To tent or not to tent? Toronto’s COVID-19 Incident Commander has provided clarification on what structures are allowed for outdoor patios in the city.
With indoor dining prohibited until at least December 11, various tents, pods, and yurts have popped up across Toronto as restaurants and bars try to manufacture weather-appropriate patios.
City Council voted last month to extend Toronto’s winter patio program into the spring.
At a press conference on Thursday, Chief Mathew Pegg clarified what is and isn’t allowed under COVID-19 restrictions.
An outdoor dining area must be configured so that people at different tables are separated by at least two metres or by an impermeable barrier, such as plexiglass.
No more than four people can be seated at a table.
For outdoor dining areas that are covered by a roof, tent, awning, or the like, at least two full sides must be open to the outdoors and must not be substantially blocked by walls or other impermeable physical barriers.
If there is a retractable roof over the area and said roof is drawn back, at lease one full side must be open and not substantially blocked.
Toronto Mayor John Tory previously addressed the confusion around outdoor dining, saying that while he admired the ingenuity of the structures, restaurants can’t just create a new kind of indoor space.
On November 14, the city will move into a modified version of the “restricted zone” of the province’s new COVID-19 framework. Toronto’s Medical Officer of Health, Dr. Eileen de Villa, announced further restrictions in addition to those required in the restrict level.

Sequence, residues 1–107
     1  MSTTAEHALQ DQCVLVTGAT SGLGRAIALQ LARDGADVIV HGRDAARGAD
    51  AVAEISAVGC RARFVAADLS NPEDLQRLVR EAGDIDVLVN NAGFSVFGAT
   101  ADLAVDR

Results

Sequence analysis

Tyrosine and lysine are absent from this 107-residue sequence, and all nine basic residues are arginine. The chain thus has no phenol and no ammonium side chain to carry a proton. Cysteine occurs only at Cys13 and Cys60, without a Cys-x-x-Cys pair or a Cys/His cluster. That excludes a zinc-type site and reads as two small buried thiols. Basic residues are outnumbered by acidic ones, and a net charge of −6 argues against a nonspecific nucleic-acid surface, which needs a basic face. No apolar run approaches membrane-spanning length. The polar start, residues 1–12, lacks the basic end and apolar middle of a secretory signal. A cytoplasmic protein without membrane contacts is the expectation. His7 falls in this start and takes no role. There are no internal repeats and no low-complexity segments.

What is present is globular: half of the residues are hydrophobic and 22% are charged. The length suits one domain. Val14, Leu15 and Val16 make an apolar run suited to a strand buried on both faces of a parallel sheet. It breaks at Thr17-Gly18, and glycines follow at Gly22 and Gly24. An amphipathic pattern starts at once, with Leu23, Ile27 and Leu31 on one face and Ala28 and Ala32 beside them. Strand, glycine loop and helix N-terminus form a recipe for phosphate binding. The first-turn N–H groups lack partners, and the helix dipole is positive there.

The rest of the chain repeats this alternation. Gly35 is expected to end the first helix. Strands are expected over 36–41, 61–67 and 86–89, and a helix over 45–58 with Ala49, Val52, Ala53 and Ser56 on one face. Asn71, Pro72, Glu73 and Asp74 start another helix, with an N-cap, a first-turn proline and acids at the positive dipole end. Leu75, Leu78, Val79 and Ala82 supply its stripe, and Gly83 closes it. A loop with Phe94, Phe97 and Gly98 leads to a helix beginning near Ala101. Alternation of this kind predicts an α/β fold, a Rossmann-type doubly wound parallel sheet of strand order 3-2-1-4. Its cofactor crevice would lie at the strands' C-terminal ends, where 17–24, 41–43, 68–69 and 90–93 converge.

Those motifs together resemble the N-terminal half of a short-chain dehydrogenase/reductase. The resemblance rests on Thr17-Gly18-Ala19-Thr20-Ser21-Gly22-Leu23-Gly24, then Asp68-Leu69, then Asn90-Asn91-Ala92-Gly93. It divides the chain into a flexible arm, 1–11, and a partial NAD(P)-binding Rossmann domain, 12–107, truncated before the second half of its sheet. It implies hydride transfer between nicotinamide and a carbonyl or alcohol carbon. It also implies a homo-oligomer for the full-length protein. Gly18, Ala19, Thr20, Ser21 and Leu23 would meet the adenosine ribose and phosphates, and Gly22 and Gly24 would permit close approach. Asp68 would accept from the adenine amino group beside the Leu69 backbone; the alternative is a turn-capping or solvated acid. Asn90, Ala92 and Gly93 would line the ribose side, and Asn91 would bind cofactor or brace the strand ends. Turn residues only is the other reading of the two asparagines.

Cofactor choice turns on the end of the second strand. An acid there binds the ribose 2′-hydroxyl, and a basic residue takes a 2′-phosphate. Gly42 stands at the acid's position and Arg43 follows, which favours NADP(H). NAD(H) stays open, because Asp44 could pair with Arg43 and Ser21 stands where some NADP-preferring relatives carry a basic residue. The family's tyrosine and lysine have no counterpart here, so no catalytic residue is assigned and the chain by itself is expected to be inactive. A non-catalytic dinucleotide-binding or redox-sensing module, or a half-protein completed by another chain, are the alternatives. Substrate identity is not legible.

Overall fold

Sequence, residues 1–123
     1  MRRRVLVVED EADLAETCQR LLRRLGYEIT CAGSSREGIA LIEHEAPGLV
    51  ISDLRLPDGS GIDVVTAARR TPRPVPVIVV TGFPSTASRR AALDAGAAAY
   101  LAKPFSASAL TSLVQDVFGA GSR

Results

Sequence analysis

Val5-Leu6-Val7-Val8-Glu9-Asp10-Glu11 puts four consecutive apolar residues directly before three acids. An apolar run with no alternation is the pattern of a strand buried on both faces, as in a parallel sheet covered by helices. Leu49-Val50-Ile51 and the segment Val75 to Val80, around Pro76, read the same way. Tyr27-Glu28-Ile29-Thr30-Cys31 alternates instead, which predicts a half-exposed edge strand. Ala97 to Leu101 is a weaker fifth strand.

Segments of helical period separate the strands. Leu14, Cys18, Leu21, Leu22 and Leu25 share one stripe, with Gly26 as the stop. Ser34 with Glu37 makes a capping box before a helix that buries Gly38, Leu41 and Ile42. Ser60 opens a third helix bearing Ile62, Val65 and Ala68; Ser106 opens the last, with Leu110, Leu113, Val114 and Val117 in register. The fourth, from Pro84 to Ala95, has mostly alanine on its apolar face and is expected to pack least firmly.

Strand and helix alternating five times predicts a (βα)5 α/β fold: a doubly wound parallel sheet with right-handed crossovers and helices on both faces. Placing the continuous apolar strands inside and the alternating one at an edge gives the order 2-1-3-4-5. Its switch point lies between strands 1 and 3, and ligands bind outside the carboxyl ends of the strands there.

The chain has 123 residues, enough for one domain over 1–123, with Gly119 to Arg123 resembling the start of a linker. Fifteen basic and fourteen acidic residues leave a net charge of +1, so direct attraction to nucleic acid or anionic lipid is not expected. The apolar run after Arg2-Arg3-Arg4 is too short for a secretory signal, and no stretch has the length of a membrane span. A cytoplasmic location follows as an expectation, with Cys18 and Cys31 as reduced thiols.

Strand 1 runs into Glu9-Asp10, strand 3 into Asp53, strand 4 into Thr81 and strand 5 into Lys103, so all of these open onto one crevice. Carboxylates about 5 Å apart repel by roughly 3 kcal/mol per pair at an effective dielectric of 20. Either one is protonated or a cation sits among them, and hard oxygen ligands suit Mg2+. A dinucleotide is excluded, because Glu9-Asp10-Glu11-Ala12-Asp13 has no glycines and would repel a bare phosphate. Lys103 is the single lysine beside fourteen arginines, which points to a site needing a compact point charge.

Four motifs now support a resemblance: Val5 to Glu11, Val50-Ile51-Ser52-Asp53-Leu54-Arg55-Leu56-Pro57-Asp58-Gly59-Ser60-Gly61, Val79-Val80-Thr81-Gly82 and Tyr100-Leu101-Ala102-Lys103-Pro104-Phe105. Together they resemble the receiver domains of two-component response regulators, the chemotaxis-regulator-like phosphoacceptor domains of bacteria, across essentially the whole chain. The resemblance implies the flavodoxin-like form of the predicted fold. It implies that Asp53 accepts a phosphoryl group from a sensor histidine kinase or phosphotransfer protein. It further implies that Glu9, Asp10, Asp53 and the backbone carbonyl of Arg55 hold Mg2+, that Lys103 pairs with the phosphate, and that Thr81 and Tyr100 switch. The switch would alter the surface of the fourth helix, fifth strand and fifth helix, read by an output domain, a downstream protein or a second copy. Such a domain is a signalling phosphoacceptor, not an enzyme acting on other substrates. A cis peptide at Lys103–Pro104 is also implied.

Under de Villa’s rules, indoor dining is banned across the city. Establishments must close at 10 pm nightly, and no alcohol can be sold past 9 pm. Dancing, singing, and live performances of brass or wind instruments are prohibited.
“If these dining requirements are not met, then the dining area is considered to be indoors and is therefore prohibited,” Pegg said.
“Residents and business owners should expect to see our enforcement officers active across the city each day and night.”
Ontario reported 1,575 new COVID-19 cases on Thursday, the highest single-day count since the start of the pandemic in March.
Of the newly announced cases, 427 are in Toronto, 448 are in Peel Region, 155 are in York Region, and 91 are in Ottawa.